I first created this recipe for Fathers Day back in 2009 and it’s become one of my signature dishes (in fact I can exclusively reveal that it will be going in my book ‘Cook, Fuse Eat’). People always raise their eyebrows at me when I mention putting lavender with lamb, but it really does need to be tried to be believed! Serve with Herby Mashed Potato, Chantenay Carrots and Savoy cabbage for the perfect Easter dinner for your family.
What’s In It?
- 2kg/4.5lb Leg of Lamb (on the bone)
- 100ml Red Wine (Merlot is good)
- 4 cloves of Garlic (crushed)
- 6 tbsp Olive Oil
- 2 tbsp Fresh Rosemary Leaves (chopped)
- 1 tbsp Dried Lavender (Edible Grade)
- 1 tbsp Fresh Thyme Leaves (chopped)
- 2 tbsp Dijon Mustard
- 1 tbsp Balsamic Vinegar
- 1 tsp Sea Salt
- 1 tsp Coarsely Ground Black Pepper
- 1 tsp Cornflour (optional)
How Do I Make It?
Place the rosemary, lavender, thyme, garlic, 1 tbsp of Dijon mustard, salt and pepper in a food processor and process for 30 seconds until coarsely chopped.
Add the olive oil to the mixture and process for a further minute until the mixture has combined.
Using a sharp knife, carefully make slits across the surface of the lamb and then smear the herby mixture all over it making sure to push right down into the slits.
Place the lamb in a roasting tin, cover with cling film and put in the fridge for a minimum of 2 hours, but ideally overnight to fully absorb all of the flavours.
After this time, remove the lamb from the fridge and take off the cling film. Leave to sit until it has reached room temperature.
Preheat the oven to 220ºC/Gas Mark 5. and place the roasting tin with the lamb on the middle shelf for 10 minutes.
Reduce the temperature of the oven to 180ºC/Gas Mark 4 and roast for a further 1 1/2 hours.
Once the lamb is cooked, transfer it to a carving board, loosely cover with foil and leave it to rest while you make the gravy.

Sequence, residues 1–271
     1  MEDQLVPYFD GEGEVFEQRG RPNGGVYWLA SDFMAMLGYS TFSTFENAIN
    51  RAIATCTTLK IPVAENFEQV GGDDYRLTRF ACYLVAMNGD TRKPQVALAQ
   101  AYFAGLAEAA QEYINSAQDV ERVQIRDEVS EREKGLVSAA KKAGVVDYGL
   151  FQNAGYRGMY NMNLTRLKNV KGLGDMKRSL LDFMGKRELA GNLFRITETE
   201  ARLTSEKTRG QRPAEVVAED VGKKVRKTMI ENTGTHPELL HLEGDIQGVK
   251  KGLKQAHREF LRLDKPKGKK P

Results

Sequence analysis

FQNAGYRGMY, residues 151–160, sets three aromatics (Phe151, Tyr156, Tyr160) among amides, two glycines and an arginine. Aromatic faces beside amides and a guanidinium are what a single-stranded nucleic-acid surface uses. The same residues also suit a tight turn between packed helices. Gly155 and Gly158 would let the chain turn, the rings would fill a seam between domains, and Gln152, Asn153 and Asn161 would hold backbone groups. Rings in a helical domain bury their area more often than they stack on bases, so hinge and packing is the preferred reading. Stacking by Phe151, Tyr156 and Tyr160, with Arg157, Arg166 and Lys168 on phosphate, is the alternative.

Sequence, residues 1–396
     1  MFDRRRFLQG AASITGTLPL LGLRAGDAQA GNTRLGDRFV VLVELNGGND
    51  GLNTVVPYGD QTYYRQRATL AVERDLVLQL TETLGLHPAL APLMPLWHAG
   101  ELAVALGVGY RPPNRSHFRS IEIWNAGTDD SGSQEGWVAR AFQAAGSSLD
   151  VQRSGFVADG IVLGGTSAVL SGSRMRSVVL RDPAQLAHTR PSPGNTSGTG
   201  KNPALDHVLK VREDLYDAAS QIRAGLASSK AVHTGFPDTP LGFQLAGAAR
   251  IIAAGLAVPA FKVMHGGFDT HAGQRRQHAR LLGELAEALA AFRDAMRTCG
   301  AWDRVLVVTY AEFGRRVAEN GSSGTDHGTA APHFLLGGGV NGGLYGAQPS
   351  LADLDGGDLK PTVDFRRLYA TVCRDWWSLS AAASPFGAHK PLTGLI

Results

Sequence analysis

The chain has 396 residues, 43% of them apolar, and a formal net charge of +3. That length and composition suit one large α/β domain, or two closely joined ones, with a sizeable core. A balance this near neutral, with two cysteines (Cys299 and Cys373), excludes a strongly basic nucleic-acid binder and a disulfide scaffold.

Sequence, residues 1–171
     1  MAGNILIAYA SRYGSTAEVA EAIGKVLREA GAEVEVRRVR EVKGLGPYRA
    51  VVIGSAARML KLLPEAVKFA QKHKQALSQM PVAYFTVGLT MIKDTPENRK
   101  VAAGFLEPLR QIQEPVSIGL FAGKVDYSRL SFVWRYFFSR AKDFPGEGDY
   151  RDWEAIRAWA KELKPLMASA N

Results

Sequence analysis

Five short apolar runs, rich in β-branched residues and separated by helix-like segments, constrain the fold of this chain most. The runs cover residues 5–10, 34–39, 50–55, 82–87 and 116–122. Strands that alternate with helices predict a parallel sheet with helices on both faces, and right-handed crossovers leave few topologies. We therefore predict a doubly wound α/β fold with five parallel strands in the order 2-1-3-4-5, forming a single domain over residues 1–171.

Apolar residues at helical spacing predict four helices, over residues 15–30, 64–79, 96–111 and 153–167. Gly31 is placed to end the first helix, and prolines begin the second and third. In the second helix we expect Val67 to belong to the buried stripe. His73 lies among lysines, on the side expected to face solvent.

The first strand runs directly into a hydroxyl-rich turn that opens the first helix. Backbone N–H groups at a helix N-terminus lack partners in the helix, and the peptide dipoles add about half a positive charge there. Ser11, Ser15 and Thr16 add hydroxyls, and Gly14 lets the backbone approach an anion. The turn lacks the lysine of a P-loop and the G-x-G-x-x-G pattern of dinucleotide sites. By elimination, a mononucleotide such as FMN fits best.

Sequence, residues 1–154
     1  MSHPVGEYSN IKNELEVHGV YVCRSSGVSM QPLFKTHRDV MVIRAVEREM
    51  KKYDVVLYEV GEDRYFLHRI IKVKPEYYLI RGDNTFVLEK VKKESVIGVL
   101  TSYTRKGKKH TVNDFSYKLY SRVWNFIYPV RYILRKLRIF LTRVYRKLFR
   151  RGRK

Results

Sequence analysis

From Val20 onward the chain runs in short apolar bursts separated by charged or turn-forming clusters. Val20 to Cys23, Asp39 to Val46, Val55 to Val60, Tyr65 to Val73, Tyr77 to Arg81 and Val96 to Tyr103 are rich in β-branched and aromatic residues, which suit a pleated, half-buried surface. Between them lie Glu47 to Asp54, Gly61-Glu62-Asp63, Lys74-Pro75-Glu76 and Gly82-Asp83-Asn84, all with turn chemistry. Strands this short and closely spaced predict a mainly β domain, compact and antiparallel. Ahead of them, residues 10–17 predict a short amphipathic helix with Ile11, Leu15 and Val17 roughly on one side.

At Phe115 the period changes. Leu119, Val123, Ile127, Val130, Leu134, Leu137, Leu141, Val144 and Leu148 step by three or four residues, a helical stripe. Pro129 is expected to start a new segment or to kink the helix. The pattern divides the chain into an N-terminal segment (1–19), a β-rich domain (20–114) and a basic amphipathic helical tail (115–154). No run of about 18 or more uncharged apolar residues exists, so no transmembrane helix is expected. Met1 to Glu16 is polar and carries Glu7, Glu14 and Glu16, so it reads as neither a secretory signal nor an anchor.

To make the gravy:
Skim the fat from the roasting tin, then place the tin on top of the hob on a low heat.
Add the red wine and stir well. Heat for about a minute, making sure it doesn’t start to boil.
Add the balsamic vinegar and the remaining 1 tbsp of Dijon mustard and mix well.
Depending on how you like your gravy, you can add some boiling water for a thinner consistency, or alternatively you can add 1 tsp of cornflour dissolved in a small amount of water to thicken it up.
Anupreet Attridge is a married mum of two who has a passion for fusion cooking and is a self-confessed beauty junkie. She currently teaches Indian Cookery and is in the process of writing her own cookbook. Anupreet has already hosted 2 successful pop up restaurant evenings at the Primrose Cafe in Bristol and will be appearing on stage at the Bristol Foodies Festival in May. She draws her inspiration from various styles and cultures and focuses on using unprocessed, organic and unrefined ingredients.
You can find another one of her recipes here —> https://artofhealthyliving.com/chicken-jalfrezi-shepherds-pie/